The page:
Thanks to good ol’ cancer and some wonky funky hormones, I’ve been having hot flashes for the better part of a decade. They come and go in their intensity. At this point, Greg can expect me to start frantically stripping my clothes off around 7pm or so. At least for a few moments before I pile everything back on. Along with a heating pad and close snuggles with his nuclear-warm body. For at least another moment or two before the stripping starts again.
This follows me through a good part of the night. It’s routine by now. Sometimes I still try to just be calm and allow the hot-as-hell fire to roll through me without freaking out. After all, it doesn’t last that long before I swing the other way. However, what inevitably happens when I try to do this, is a more extreme response on my part where I end up with my head in the freezer, or my hands under cold water. I still try from time to time though.
Way back before I was divorced, but after things were pretty critical, someone gave me a book. The author is a Tibetan Buddhist ordained nun. She is a little sprite of a creature and the wisdom that comes out of her is enough to keep me kneeling for eternity. Her name is Pema Chödrön. The book was, When Things Fall Apart – Heart Advice for Difficult Times. From the moment I started reading, I was transfixed by the enormity of truth and its fierce determination to be a voice of reason for me through a brutal journey of transformation.
Introduction: “Chaos should be regarded as extremely good news.” Page 1: “Fear is a natural reaction to moving closer to the truth.” Page 5: “The trick is to keep exploring and not bail out, even when we find out that something is not what we thought . . . Nothing is what we thought.”
Regarding me trying to hang in there with my hot flashes, the following quote is what puts me in a mind to try. On a larger life level though, this idea has given me the gift of some pretty intimate moments with myself. And big freedoms too.
A Voice Of Reason
Page 30: “The way to dissolve our resistance to life is to meet it face to face. When we feel resentment because the room is too hot, we could meet the heat and feel its fieriness and its heaviness. When we feel resentment because the room is too cold, we could meet the cold and feel its iciness and its bite. When we want to complain about the rain, we could feel its wetness instead. When we worry because the wind is shaking our windows, we could meet the wind and hear its sound. Cutting our expectations for a cure is a gift we can give ourselves. There is no cure for hot and cold. They will go on forever. After we have died, the ebb and flow will still continue. Like the tides of the sea, like day and night – this is the nature of things. Being able to appreciate, being able to look closely, being able to open our minds . . . we can learn to meet whatever arises with curiosity and not make it such a big deal.” (pg 27)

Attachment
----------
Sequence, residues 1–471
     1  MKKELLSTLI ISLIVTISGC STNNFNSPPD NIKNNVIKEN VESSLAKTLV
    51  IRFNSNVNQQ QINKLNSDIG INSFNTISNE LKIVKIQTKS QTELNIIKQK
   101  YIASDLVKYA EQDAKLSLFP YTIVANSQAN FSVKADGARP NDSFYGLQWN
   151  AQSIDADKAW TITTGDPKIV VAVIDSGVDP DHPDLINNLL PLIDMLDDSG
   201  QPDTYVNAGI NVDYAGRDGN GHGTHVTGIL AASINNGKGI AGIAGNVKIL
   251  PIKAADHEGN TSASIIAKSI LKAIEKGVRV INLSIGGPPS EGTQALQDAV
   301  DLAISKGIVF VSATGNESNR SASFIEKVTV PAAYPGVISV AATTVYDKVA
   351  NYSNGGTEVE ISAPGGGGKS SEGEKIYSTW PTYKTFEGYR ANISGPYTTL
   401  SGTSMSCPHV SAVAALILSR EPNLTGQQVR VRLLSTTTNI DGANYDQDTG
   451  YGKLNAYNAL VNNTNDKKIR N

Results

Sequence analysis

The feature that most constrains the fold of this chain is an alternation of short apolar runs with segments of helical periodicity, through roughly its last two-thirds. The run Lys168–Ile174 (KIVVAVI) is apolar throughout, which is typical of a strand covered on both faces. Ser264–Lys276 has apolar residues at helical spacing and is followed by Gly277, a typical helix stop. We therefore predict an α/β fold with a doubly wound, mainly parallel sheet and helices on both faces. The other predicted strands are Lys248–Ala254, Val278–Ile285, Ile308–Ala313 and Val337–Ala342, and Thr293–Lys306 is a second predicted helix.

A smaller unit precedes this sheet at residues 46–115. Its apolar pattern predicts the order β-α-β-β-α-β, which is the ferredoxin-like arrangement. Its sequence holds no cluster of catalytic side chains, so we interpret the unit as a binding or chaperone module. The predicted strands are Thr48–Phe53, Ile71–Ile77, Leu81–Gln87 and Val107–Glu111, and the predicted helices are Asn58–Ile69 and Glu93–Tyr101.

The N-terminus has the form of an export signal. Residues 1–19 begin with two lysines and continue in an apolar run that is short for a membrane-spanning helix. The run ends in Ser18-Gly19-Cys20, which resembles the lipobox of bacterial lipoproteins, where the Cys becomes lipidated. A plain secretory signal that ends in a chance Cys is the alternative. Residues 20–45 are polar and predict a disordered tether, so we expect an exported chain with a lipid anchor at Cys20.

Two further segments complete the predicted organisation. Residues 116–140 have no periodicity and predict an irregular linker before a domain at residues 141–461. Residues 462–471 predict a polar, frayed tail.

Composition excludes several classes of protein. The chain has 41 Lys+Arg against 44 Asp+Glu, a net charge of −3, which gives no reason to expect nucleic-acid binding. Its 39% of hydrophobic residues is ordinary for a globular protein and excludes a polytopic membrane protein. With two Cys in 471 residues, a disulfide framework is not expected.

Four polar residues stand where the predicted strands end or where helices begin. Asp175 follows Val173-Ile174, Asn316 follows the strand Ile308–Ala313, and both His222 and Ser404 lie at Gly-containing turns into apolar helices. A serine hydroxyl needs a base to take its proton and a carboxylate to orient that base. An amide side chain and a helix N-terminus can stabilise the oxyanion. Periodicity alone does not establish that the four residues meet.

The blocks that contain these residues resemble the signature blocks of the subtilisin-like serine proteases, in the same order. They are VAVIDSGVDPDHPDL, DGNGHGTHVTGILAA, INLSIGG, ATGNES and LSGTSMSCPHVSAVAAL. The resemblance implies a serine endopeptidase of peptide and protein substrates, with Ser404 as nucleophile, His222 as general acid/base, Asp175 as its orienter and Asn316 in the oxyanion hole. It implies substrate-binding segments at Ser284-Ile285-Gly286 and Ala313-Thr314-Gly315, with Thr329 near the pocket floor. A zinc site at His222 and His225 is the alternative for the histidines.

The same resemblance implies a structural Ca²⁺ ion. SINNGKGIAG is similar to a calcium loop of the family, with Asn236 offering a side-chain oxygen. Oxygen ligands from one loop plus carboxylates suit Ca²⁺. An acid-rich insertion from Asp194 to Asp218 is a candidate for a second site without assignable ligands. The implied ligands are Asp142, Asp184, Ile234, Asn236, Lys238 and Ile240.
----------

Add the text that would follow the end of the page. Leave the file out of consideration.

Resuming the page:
It’s a pretty short book. 146 pages. Immediately upon finishing it, I ordered a case on Amazon and started handing out copies to everyone I knew who was struggling. For me, this book was a road map for not only my survival, but presence, connection, and ultimately learning to live a life where I could experience joy, and be happy, anywhere.
Guilt. And Joy.
Some years later, my son, Jacob was diagnosed with Leukemia. It was devastating. Even more devastating was when he got so sick, he went into a coma, and we almost lost him. I remember sitting in his hospital room, nearly catatonic with exhaustion, feeling so much gratitude for his life, and the care we were getting, and the support of people all over who were sending us love. I felt joy. But also, a moment of guilt – how can a mother with a dying child feel joy? Thankfully it was short-lived, and gratitude washed back over me. A gift from lessons learned from Pema Chödrön.
I remember that day, serendipitously stumbling upon these words by Ram Dass, a contemporary of Pema’s: “I was horrified to find that I was happy . . . but I was surrounded by life force . . . if I can be happy here, perhaps I can be happy anywhere . . .”
We Are Not Alone
If you hate being uncomfortable, or long to be transfixed by truth, if you know the brutal journey of transformation and don’t want to journey alone, let’s be friends~